Being a woman without having to apologize

When I started working at one of the top international development institutions, I was only 27. Apart from having all right qualifications, I was also good-looking, dressed to impress, sang semi-professionally and enjoyed life to its fullest. I quickly discovered that the combination was not advantageous at a place I had dreamed of working. The occasional remarks like, ‘Isabella is out dancing, while we do serious work here’, ‘have you met our singer consultant?’, ‘she just enjoys life too much…’ quickly made me really uncomfortable, while the looks that could be summed up by ´what is this pretty girl doing at a serious institution like this? ´ started eroding my confidence. I quickly went from focusing on my work to questioning my own qualifications. I soon realized that I would never be taken seriously here, independent of how hard I worked or tried to prove myself as a qualified professional. I was unhappy trying to be a different version of myself. My dream job had quickly turned into a nightmare, so I decided to leave without fully understanding the reasons.

Today, a decade later and lots of soul-searching past me, I still do independent consulting work for this institution, while I run my own wellness business. It took me a while to process how I had felt and what it all meant to me and ultimately for other women in the professional world. The conclusion was: as women we have to play down our looks, suppress our passions and emotions, leave our unapologetic real selves buried deep inside to fit in the professional world. And that’s what a lot of us women have been doing to climb up the ladder of professional success. Giving up parts of ourselves, of what it means to be a woman to have ´equal rights´.

But do equal rights represent the real conflict we face as women? We are not created equal. We bear children and we do care to raise them; we menstruate and do need a slack when it’s that time of the month; we do care about people’s emotions and that community-building is an important part of our work; most of us have an entire household on our shoulders and that’s a full-time job; and yes, we have our passions, mood swings, so stay clear when we get emotional!

We weren’t created equal. We are our own beings. Have you looked at yourself in the mirror? Have you peaked inside to try to untangle that complex self that’s hiding there? If you are aware of yourself, then you’ll have no problem admitting that as a woman, you are different and need a completely different set of rules to live by to be fully fulfilled. That’s not only nothing to be ashamed of or apologize for; it’s something to celebrate! Imagine if we were all equal: what a dull place the world would be!

The problem is that we were born, raised, and continue living in a society, where rules were men-made. Until recently, the world had no women in the workforce, policy-making, academia, or any sort of decision-making institutions. So most of the decisions about how to set up, run countries and institutions, how do business, how to raise children, or even how to have sex were unilaterally decided by men.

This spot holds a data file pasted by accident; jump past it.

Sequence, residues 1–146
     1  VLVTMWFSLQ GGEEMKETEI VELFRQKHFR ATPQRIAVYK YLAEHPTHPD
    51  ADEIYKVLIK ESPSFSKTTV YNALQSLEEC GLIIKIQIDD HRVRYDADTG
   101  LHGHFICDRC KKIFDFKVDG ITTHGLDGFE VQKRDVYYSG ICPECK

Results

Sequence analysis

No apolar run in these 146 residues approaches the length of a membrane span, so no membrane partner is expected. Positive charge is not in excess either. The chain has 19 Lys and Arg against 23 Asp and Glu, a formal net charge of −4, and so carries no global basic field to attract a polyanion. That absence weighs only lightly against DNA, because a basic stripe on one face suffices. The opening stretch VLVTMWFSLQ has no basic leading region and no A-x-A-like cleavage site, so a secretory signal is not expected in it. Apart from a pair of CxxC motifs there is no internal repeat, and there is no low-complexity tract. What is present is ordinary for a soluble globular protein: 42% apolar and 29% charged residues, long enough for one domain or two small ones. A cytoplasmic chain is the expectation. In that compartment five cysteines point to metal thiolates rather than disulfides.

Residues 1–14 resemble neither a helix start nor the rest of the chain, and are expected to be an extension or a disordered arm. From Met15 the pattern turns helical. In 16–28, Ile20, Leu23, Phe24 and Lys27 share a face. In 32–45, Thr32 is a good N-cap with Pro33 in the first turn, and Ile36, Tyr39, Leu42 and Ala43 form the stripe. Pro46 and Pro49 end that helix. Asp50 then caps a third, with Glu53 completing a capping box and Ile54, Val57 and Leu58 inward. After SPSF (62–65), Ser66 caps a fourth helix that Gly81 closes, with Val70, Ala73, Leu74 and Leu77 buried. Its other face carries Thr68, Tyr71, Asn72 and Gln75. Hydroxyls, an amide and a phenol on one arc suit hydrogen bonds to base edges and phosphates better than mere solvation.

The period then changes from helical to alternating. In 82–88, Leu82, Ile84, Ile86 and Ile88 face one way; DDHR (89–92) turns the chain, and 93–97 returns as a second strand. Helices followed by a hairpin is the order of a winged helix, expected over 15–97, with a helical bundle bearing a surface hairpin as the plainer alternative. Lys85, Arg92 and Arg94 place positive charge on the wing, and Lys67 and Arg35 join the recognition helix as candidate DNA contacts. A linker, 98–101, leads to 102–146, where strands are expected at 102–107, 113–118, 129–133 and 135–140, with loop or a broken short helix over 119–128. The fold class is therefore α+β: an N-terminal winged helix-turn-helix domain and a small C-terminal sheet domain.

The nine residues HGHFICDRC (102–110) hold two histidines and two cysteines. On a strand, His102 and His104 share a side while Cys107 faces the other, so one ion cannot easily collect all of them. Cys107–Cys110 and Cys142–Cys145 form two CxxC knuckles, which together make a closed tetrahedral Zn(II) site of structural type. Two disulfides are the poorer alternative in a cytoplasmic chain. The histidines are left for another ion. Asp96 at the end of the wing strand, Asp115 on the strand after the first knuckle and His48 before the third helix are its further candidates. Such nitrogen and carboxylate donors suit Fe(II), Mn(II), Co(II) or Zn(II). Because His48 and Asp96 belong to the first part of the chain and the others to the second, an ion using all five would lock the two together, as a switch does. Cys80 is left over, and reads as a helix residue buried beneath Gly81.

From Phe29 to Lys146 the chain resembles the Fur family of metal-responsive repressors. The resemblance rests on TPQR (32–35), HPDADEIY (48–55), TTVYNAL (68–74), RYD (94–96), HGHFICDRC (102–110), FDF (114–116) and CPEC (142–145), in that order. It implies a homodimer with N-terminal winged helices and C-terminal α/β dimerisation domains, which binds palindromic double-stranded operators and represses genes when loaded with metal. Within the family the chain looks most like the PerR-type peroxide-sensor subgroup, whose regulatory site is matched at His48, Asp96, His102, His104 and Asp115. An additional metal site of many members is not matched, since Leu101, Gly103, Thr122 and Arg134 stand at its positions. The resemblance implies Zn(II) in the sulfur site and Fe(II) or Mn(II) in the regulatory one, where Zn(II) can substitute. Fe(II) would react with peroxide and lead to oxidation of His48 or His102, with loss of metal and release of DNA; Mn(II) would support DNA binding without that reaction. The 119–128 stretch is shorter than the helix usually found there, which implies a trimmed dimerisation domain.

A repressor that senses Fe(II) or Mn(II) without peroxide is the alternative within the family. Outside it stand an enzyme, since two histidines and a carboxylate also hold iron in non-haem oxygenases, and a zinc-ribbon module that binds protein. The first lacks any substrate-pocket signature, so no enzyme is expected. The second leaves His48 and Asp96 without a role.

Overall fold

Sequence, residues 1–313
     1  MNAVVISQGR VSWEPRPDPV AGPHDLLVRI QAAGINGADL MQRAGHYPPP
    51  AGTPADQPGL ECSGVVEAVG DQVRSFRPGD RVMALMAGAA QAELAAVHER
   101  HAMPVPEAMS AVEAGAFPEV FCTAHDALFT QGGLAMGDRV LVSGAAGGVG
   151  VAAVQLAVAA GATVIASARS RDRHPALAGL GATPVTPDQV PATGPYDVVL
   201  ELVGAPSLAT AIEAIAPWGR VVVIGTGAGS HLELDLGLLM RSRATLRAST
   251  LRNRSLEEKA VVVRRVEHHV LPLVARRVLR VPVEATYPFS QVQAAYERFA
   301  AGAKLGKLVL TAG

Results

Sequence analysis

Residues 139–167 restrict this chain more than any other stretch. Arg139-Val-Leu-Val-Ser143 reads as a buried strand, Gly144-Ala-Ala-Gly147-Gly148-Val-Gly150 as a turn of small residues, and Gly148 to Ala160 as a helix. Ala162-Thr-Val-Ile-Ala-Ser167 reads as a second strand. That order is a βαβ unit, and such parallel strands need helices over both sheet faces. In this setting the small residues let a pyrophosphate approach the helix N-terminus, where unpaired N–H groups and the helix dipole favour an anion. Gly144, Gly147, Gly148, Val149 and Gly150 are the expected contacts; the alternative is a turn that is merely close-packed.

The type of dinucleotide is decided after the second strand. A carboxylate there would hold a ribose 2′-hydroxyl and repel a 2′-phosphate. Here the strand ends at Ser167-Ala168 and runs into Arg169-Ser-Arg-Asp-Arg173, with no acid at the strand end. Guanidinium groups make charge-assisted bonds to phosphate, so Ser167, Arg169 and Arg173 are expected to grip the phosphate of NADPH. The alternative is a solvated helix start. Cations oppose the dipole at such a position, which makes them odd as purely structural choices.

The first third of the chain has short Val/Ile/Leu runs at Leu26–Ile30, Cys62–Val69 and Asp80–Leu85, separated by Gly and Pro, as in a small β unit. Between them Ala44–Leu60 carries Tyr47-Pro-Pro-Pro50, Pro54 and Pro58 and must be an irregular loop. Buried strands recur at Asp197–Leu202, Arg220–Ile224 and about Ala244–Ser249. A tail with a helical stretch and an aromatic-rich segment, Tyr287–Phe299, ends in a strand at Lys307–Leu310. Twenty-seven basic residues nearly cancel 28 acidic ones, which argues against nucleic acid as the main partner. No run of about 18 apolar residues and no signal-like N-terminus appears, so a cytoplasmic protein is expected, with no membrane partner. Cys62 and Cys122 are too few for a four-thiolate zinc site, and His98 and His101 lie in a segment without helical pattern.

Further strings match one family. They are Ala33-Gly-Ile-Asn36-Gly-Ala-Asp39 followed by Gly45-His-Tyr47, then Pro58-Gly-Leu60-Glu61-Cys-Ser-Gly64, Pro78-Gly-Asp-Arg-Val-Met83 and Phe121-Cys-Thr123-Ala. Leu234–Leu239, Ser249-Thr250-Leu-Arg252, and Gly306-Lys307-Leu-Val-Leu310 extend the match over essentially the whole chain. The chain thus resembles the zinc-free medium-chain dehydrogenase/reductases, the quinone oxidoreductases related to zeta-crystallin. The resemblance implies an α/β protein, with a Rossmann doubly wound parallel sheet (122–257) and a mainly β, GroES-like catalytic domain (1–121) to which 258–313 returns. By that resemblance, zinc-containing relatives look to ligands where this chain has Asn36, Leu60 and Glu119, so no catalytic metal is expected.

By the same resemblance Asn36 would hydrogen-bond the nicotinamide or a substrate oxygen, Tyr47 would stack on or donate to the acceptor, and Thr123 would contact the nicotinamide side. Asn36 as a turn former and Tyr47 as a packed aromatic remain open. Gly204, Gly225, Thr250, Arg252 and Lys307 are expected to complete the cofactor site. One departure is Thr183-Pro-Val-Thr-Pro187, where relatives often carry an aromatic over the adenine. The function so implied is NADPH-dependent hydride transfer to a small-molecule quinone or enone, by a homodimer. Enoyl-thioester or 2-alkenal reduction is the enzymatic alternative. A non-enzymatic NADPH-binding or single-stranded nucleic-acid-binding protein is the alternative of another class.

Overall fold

Though things are changing and more women are running countries and businesses, our mindsets are still very much operated by the old world order. We might be socially more liberated, but we are just as trapped as before by our own minds and the limitations we’ve set for ourselves. Why? Because we measure ourselves up to the benchmarks set by men and our aspirations are dictated by the goals they have set up for us centuries ago.

This phenomenon is exacerbated by the fact that as women we are raised to be less rebellious and more amicable than our male counterparts. End result? We don’t question why we have to follow the rules of the game that were not designed by us and without considering how we might like things to be different.

Now, this doesn’t mean rebelling completely against all the existing systems and demanding immediate changes. But it does mean a lot of questioning and soul-searching. Why do we only have 3 months for maternity leave? Why do we need to maximize profit and minimize costs without taking into account the social and environmental damages? Why the 40 hour workweek? Why can’t we work from home more often? Women’s rights are about the courage to say no, I’d rather do things differently, even when that means breaking away.

Today, my professional work is not separate from who I am. It’s actually an integral part and an extension of what I want to accomplish as a woman. My work is hard and demanding, it requires a lot of risk-taking, dedication, strong leadership, and detailed administration. But it also exudes femininity: its fun, upbeat, community-centered, flexible, passionate and sexy.

Following someone else’s set of rights, even if they are equal for everyone, doesn’t bring us closer to liberation. Being a free woman is about saying, ´I am more than this! This is not working and I do NOT have to apologize to anyone´. Let me do things differently, because being a woman stands for change, passion, community, versatility and dedication. Being a woman is also tightly intertwined with being a mom, a wife, lover, an artist, and whatever else you decide to be. What does being a woman mean to you? Let’s create our own rules. One no at a time.